New Delhi: India is exploring new locations, in addition to those already identified, to build nuclear power plants and meet its generation goal, a government official with direct knowledge of the matter said.
The nation has had to back out from a couple of sites in the past because of opposition from the local population and is now looking at regions, including those away from the sea, to supplement the existing list, the official said without elaborating. He asked not to be named as the plans aren’t public yet.
India’s plans to expand its nuclear generation capacity more than ten-fold have been hampered by delays in construction due to protests by the local population and suppliers’ concern over a liability law. The law, which allows for claims from companies setting up the plant, has discouraged reactor suppliers from General Electric Co. to Toshiba Corp.-controlled Westinghouse Electric Co.
Toshiba said last month unit Westinghouse’s plan to set up six reactors in India are contingent on a change in the nuclear liability law. It will no longer take up the risk of building new nuclear plants and instead specialize in supplying parts and reactor engineering, the company said following a $6.3 billion write-down.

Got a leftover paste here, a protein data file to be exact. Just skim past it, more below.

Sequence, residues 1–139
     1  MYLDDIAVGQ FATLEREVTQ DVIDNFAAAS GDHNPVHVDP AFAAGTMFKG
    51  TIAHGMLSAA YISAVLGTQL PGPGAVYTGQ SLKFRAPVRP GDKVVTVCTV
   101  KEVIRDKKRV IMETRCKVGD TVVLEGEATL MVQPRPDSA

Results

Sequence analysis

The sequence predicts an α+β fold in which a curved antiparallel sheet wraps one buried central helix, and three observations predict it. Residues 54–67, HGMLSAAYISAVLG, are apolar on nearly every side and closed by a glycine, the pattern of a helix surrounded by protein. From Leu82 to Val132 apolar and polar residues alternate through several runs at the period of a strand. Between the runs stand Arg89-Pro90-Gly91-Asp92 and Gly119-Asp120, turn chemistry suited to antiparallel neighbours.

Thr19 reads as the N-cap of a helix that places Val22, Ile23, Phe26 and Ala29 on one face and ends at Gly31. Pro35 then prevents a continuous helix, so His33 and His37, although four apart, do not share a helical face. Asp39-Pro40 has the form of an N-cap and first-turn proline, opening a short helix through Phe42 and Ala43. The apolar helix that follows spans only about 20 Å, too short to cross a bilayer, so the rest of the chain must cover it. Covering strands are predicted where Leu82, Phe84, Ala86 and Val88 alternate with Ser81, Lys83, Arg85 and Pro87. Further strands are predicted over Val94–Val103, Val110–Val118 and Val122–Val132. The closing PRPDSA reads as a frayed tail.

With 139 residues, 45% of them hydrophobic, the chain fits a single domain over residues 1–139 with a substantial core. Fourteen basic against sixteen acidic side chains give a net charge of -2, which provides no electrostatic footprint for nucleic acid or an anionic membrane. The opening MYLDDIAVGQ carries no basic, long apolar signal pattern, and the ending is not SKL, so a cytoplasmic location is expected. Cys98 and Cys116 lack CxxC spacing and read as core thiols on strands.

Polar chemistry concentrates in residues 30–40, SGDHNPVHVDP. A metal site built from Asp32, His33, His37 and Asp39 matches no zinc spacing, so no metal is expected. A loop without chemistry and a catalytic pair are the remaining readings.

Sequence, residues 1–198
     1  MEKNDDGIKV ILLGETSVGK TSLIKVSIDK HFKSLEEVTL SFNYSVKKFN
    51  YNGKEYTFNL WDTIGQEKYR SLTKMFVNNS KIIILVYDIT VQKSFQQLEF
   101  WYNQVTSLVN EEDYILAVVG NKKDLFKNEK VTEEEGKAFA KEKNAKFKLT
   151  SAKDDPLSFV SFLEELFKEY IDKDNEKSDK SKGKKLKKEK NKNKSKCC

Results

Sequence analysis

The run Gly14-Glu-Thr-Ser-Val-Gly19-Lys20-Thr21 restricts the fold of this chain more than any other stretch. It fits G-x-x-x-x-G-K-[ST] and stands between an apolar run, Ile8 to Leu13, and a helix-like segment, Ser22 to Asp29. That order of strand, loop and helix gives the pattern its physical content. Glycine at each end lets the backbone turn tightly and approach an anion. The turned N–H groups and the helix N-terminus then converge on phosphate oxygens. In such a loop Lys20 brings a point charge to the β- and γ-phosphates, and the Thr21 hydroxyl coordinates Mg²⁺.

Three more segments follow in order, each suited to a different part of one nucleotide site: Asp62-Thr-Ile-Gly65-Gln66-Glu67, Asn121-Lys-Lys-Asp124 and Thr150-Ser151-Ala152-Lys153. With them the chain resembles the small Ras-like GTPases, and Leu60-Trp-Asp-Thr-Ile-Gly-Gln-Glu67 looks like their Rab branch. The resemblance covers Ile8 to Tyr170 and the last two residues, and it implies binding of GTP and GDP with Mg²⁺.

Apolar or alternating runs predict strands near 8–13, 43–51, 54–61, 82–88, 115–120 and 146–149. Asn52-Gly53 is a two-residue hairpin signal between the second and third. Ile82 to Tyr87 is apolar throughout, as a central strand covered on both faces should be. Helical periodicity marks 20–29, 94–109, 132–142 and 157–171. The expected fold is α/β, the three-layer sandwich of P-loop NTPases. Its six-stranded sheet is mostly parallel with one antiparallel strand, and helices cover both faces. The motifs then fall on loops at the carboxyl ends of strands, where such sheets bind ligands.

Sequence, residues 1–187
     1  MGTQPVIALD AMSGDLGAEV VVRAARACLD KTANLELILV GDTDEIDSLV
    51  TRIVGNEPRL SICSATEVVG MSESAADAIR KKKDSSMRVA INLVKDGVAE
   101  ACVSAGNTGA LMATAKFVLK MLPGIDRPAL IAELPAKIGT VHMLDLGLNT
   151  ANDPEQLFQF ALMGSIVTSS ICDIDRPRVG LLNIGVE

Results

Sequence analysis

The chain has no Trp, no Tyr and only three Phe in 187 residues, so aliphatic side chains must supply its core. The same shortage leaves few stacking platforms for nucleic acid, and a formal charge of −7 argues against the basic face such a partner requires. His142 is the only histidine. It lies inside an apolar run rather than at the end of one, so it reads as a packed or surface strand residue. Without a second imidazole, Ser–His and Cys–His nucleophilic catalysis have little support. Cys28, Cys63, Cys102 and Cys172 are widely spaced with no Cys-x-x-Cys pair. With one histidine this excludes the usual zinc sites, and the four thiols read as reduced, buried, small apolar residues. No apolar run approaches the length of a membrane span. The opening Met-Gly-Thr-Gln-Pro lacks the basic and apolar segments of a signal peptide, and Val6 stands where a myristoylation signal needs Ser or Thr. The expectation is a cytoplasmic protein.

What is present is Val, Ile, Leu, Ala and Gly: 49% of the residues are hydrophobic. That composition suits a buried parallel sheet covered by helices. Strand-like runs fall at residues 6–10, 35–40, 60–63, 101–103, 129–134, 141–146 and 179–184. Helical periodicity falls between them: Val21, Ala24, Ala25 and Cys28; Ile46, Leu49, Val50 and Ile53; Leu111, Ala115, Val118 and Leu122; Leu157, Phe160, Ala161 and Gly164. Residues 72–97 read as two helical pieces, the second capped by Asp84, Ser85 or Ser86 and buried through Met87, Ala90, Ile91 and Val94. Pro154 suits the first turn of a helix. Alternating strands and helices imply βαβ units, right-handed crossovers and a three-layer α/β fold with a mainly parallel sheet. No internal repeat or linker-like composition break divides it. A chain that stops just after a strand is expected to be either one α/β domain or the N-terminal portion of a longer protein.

India is awaiting an official communication from Westinghouse on its plans in the country, the government official said, declining to comment further.
Westinghouse had earlier expected to sell six AP1000 reactors of 1,150 megawatts each for a project in Andhra Pradesh by end of 2016. It is part of India’s plan to expand nuclear generation capacity to 63 gigawatts by 2032 from 5.8 gigawatts now. The project can still go ahead with Westinghouse supplying the reactor design and a different company taking up the construction, Sekhar Basu, secretary at India’s Department of Atomic Energy, said last month.
Meanwhile, the government is going ahead with domestic projects and a new plant in the northern state of Haryana is expected to be commissioned in five years, the official said. Some of the nation’s state companies, including explorer Oil & Natural Gas Corp. Ltd, are willing to partner state monopoly Nuclear Power Corp. of India Ltd for future projects.
ONGC’s chairman D.K. Sarraf said his company is exploring opportunities in nuclear, but doesn’t have a ready plan yet. Nuclear Power Corp.’s spokesman N. Nagaich didn’t immediately respond to requests for a comment. Bloomberg